The Plunge + AI explores the use of AI in our healthspan journeys.

Short on time? Listen to The Plunge

Healthspan is about more than our bodies, we need to cultivate our minds to be happy over time. Let's see how AI can make it easier to avoid getting lost in the mania of overwhelming content.

Personally, I'm looking forward to having a Tony Stark-esque morning routine where a personal, digital assistant kickstarts my day. And what better way to start any day than The Plunge.

Using the VoiceOver plugin, I wanted last week's Plunge delivered via audio. It's not revolutionary, but the beauty lies in the simplicity. From here, it'll be just a few tweaks to build a morning playlist to start my day.

Enjoy listening to last week's Plunge, or try yourself for this week:

(I realize that some of the headers lead to funky transitions in the audio. I'll work on cleaning this up in future issues)


Visit gettheplunge.com to view all of this content and more. Get in touch if you have any suggestions, feedback, or thoughts.

Forward this email to whoever you know that needs cold, actionable insights in their inbox.


Received this email from a friend? Subscribe here.


113 Cherry St #92768, Seattle, WA 98104-2205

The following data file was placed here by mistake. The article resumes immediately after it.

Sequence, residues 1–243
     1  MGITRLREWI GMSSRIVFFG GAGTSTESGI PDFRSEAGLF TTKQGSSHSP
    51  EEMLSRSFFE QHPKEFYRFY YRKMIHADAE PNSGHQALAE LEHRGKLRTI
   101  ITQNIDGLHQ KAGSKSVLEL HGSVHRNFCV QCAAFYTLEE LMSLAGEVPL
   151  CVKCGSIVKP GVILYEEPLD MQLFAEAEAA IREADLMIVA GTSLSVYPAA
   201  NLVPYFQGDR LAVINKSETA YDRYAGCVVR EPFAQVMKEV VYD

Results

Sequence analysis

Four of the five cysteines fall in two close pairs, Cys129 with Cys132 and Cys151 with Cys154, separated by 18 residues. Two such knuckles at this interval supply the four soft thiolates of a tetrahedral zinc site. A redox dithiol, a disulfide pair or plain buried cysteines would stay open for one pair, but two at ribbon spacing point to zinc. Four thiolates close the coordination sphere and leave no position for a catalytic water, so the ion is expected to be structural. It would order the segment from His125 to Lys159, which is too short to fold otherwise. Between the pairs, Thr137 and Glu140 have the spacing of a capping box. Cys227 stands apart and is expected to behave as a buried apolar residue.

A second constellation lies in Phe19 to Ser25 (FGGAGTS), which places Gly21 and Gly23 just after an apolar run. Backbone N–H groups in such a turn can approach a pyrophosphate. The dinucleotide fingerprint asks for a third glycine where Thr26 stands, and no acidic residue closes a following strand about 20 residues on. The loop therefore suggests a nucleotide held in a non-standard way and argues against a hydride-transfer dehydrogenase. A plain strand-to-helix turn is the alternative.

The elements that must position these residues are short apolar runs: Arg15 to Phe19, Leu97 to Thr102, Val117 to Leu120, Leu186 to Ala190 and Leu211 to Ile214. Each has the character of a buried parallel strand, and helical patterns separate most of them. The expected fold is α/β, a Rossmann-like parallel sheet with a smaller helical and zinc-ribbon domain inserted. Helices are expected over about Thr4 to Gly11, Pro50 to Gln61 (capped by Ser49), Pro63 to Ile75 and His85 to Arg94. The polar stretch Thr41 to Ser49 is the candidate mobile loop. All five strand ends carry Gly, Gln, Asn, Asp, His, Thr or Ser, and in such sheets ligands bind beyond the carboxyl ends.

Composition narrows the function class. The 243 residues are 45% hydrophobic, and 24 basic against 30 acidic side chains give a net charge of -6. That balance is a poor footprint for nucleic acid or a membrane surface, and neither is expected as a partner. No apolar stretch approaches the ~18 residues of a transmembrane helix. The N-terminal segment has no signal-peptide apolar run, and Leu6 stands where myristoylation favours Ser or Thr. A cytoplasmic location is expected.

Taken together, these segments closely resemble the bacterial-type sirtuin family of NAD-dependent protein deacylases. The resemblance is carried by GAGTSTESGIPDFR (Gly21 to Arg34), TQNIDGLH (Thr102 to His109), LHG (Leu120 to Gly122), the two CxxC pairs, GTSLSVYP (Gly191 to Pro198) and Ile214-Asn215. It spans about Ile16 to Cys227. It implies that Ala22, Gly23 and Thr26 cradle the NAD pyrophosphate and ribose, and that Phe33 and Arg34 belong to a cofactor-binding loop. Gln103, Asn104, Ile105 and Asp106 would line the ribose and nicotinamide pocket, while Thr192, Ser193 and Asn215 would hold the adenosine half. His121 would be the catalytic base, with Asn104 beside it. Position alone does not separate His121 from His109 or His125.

Unsubscribe · Preferences

The Plunge

by Corey Garvey

Hey I'm Corey, the curator of The Plunge, my newsletter focused on healthspan and longevity. The Plunge gives subscribers up to date articles, podcasts, and videos about longevity and remaining mentally fit while living a long, happy life. ~Corey

Read more from The Plunge

Clarity on staying healthy and happy arrives every day, from all corners of the globe. The Plunge brings you the information you always wanted: current, clear-cut answers from the world's leading scientists and creators. celisjuicebar​ BLOG What's there to worry about? Comparison is the thief of joy”. Like Adam Grant, writer and professor, I used to take this attitude to heart. Recently, he pointed out that it’s not comparing ourselves to others that sucks the beauty from life, but being...

about 2 months ago • 4 min read

Clarity on staying healthy and happy arrives every day, from all corners of the globe. The Plunge brings you the information you always wanted: current, clear-cut answers from the world's leading scientists and creators. labottegagardencity​ PODCAST GLP-1 Agonists - What to expect? Ben Thompson dug into GLP-1 Agonists on his Plain English podcast recently. In part one, he looked at the science behind the drugs and how they work on the body. Perhaps more interesting was the second part, where...

2 months ago • 3 min read

Clarity on staying healthy and happy arrives every day, from all corners of the globe. The Plunge brings you the information you always wanted: current, clear-cut answers from the world's leading scientists and creators. chatelainechocola​ TECH Listening to Our Bodies A new wearable device for continuously monitoring body sounds for health purposes has been developed by researchers at Northwestern University. The devices, published in Nature Medicine, are soft, miniaturized, and adhere to...

3 months ago • 3 min read
Share this post